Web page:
Concerned Firefighters Leave Cerro Grande Tent Camp on LANL Property

Senate Confirms Air Force General John A. Gordon as National Nuclear Security Agency Head as LANL's Security Problems Continue to Unfold

Senate Republicans Confirm Push for New Nuclear Weapons

*Almost 100 firefighters involved in the Cerro Grande Fire cleanup efforts have left or are planning to leave their tent camp located at Technical Area 49 (or TA-49) on Los Alamos National Laboratory (or LANL) property. The camp has been set up since the end of the fire for firefighters working on rehabilitation efforts to stop the flow of contaminants from LANL property to the Rio Grande River. Most of the firefighters are from out of state and they became concerned about their health when jokes started to spread through the camp about the firefighters "glowing."

Lee McAtee, deputy director for environmental, health and safety at LANL, stated that "[a] lot of these people, they come in from Timbuktu or somewhere, and they've never had any kind of experience with nuclear materials or radiation and so they don't have the experience or knowledge or familiarity with the issues to make a decision."

TA-49 was used for high-explosives and radioactive materials experiments and a portion is currently a storage area for wildfire response supplies and a helicopter pad. TA-49 is located downwind from the smoldering fire at the Material Disposal Area (or MDA) R at TA-16. Department of Energy (or DOE) officials reported recently that the eastern and western portions of the MDA R fire is out, after it burned for over a month.

Bill Sweet, spokesperson for the cleanup team, said the firefighters don't trust DOE. Sweet stated that, "We get folks who just don't have confidence in what the lab and the Energy Department are telling them."

In response to the concerns of the firefighters, DOE workers are setting up an air monitoring station at TA-49. LANL has also offered radiation detectors to the firefighters to wear while they are doing rehabilitation work. Activists question if these measures are a little too late. Firefighters who were on LANL property during the fire were not given radiation detectors despite the fact that DOE's own wildfire protocols required radiation detectors for firefighters while they are fighting the fire.

* On June 14th, the U.S. Senate confirmed the nomination of Air Force General John A. Gordon as head of the new, semi-autonomous National Nuclear Security Agency which is charged with overseeing nuclear security matters. General Gordon is deputy director of the Central Intelligence Agency.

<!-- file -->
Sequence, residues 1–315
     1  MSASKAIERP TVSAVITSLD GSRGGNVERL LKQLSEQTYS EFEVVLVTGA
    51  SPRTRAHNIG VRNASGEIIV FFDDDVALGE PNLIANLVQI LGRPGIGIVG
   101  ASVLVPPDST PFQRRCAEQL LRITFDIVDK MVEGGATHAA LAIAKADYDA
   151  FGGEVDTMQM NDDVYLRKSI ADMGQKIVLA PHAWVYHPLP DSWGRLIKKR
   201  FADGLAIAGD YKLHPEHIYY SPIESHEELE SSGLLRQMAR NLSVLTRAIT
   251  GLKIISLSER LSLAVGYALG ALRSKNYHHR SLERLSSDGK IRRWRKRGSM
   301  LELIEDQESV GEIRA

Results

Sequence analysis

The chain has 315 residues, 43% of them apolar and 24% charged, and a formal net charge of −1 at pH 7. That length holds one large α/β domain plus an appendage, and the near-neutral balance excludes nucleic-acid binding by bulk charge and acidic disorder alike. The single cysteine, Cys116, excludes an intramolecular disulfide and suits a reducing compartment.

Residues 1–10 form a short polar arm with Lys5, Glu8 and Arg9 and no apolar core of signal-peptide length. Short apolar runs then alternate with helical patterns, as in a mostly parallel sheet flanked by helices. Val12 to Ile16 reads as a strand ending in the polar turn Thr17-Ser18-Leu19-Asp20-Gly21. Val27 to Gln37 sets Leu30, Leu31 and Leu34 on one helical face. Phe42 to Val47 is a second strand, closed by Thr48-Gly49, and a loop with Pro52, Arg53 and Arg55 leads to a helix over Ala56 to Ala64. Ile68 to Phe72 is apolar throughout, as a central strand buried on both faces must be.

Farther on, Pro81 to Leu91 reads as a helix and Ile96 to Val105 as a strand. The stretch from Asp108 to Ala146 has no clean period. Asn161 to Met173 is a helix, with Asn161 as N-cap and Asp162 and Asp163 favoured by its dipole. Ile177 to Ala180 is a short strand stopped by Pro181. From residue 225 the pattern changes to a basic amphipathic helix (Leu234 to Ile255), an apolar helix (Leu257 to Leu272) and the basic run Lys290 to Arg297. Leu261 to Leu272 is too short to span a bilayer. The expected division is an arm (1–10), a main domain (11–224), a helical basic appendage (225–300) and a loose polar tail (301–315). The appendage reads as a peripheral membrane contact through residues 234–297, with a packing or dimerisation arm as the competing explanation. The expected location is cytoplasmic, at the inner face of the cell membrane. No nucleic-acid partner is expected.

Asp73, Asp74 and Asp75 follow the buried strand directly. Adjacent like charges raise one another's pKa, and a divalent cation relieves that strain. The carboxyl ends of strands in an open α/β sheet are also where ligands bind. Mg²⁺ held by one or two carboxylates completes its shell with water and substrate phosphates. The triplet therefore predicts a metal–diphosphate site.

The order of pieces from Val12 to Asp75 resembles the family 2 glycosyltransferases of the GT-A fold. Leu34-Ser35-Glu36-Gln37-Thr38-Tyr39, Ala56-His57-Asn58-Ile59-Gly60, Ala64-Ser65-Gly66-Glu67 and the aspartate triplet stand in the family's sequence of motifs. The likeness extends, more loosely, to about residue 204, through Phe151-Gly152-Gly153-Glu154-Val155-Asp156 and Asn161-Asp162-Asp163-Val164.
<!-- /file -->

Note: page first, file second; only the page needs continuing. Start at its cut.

On the same day at a joint Senate hearing about another possible security lapse at LANL, members of the Senate Intelligence Committee and the Energy and Natural Resources Committee questioned DOE and LANL officials. The security lapse involves two missing hard drives from a vault in a secured area of the X Division, a complex where nuclear bomb designers work. The missing hard drives contain nuclear weapons data from the United States, Russia, China and France, along with U.S. "improvised" designs made in anticipation of designs that might be created by terrorists with access to weapons materials and facilities. The hard drives contained information used by the Nuclear Emergency Search Team (or NEST) which responds to nuclear accidents or terrorist acts. The NEST has the ability to disarm and dismantle nuclear devices.

Senators questioned the reporting delays of the breach of security to LANL Director John Browne. After discovering the missing hard drives while evacuating the facility on May 7, three days after the start of the catastrophic Cerro Grande fire, NEST members failed to report the missing materials until June 1, more than three weeks after the discovery. DOE security procedures require reporting such missing items within eight hours. The Senators described DOE as "disfunctional" and asked why a check out sheet for taking materials out of the vault was not required. One Senator indicated that there was more security at the local library where a person is required to check out materials before leaving than at the national laboratory where nuclear weapons designs are kept.

According to a former X Division worker, security plans were required and drawn up, but never implemented. The Clinton administration has suspended six of LANL's managers with paid leave.

* According to the June 12th Washington Post, Senate Republicans have added a provision in the Fiscal Year 2001 defense authorization bill that specifically requires the secretaries of Defense and Energy to undertake a study to develop a new "low-yield" nuclear weapon that can destroy deeply buried targets and permits the nuclear labs to conduct limited research and development that may be necessary to complete the study. This legislation encroaches on, but doesn't completely overturn, a 1994 law advanced by Congresswoman Elisabeth Furse that prohibits research and development of "mini-nukes," which are also called low-yield nuclear weapons. The report supporting the provision directs "plan[ning] for the long-term sustainment and modernization of U.S. strategic nuclear forces."

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